These are the occasions when your stomach is in knot… the times when your husband confronts you about the absolutely essential new duvets for the house, or your night cream that costs as much as a new laptop! When one partner is a big spender, it can result in serious conflict between a couple. Sandra Lundberg writes in the article Why Does My Partner Spend So Much that you can overcome this together, provided you keep the following in mind:

• Understand that you’re playing for the same team as far as finances go:
It is not nice to be told how much you can spend and how you must do it because it feels as if your mate does not trust or respect you. Talk about this and about your needs – every person wants a certain degree of security and a certain amount of freedom. Your relationship is more important than your bank balance. A couple can, for instance, decide that a certain amount of money be put aside for ‘ spoiling’, rather than trying to reason it as a ‘need’ to each other.
• Understand the underlying reasons why your mate overspends
There are many underlying reasons for overspending – an unfulfilled childhood, a privileged childhood, depression, anxiety… all of these have one thing in common – a need for security. A person who is spending money thinks ‘if I could just have that, I would be in fashion’, or ‘I would be accepted’ or ‘I will be okay’. But buying something doesn’t guarantee real security. So ask yourself why you are buying the item – and if it is to relieve yourself of tension or pain, you need to resist.
• You need to know what things cost and how often they need to be bought
People often enter a marriage with different ideas about savings and money management. Usually, they have a preconceived idea about what things cost (we all know that men are kings of this!). Many marriage counsellors make couples make up the lists and mark what they believe an item should cost. Thereafter, they compare the couple’s notes.
• You need to live on less than you earn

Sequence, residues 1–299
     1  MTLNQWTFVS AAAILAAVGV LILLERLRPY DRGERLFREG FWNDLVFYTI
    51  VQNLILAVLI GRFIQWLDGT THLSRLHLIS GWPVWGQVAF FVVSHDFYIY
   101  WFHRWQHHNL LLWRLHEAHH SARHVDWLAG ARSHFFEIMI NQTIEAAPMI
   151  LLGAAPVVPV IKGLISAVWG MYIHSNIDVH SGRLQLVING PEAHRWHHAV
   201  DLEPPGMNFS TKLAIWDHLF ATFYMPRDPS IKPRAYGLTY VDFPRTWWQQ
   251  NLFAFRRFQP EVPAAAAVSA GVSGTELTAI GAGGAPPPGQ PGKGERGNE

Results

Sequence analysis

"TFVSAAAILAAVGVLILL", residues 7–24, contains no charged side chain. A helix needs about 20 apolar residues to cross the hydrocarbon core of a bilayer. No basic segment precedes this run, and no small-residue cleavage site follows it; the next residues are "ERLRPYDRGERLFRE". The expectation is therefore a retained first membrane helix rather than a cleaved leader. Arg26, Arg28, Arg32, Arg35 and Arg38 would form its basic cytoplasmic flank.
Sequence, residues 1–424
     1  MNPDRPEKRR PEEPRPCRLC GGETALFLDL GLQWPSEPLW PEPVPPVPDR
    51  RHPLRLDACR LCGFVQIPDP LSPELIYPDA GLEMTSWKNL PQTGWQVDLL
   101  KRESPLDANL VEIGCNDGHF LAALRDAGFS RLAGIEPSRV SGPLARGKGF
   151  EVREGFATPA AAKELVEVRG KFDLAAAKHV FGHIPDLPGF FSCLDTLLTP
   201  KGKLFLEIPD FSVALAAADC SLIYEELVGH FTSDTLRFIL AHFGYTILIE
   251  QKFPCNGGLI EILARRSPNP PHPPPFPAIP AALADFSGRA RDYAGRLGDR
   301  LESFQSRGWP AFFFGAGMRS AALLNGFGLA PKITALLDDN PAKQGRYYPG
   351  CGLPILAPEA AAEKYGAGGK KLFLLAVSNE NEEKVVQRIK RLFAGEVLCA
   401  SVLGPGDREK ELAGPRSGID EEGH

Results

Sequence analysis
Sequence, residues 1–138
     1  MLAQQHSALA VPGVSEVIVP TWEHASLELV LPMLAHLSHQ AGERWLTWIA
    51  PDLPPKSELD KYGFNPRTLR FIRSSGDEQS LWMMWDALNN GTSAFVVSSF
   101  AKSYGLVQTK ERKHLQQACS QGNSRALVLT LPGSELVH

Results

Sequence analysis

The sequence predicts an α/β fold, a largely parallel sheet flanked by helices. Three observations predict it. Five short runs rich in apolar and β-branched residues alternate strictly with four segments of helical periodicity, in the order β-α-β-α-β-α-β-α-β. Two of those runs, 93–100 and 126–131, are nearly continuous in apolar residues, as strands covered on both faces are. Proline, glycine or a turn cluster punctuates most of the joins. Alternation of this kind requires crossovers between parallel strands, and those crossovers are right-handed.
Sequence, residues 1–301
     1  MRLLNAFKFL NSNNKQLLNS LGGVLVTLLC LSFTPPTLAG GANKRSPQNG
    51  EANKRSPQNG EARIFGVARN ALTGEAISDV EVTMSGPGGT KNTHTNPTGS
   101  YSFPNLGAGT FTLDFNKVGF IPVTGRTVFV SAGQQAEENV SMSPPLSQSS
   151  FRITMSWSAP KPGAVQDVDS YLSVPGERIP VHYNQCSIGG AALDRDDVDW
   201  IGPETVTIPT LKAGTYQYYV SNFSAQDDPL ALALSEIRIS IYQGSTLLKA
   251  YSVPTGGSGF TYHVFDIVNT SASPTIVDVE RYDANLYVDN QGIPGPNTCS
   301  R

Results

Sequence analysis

Living from one salary cheque to the next is not easy for anyone. The uncertainty that goes with this is reinforced by the question: What if I lose my job? Maybe the real problem isn’t your mate’s spending, but your inability to budget.

(Complete Guide to the First Five Years of Marriage by Focus on the Family, Tyndale)

What does the Word say?
Mitch Temple gives the following advice to those who are struggling with money problems:
Ephesians 4:32 “Be kind to one another, tender-hearted, forgiving each other, just as God in Christ also has forgiven you.”
Sometimes it is easier to argue about money, than to recognise your feelings have been hurt. Ask yourself if you are harbouring unresolved hurt. If your mate has hurt you, and you let this hurt fester, you will see everything through the filter of this hurt, and will probably overreact when financial issues are raised. Don’t let this ruin your relationship. Gather your courage to face the hurt, and in this way tackle your financial matters in a healthy way.

Ephesians 4: 26 “…do not let the sun go down on your anger…”
If you are scared to talk about money for fear your mate will discover you have made a wrong choice, or have mismanaged your finances, you may be too scared to confront the truth. Dishonesty always has a negative outcome. If you took a very important financial decision without talking to your mate, it will probably not be received gladly. Dishonesty ruins trust, and if that trust has been ruined, your mate will not easily trust you again with future decisions.

Zechariah 8:16 “These are the things you must do: Speak the truth, each of you, to one another…”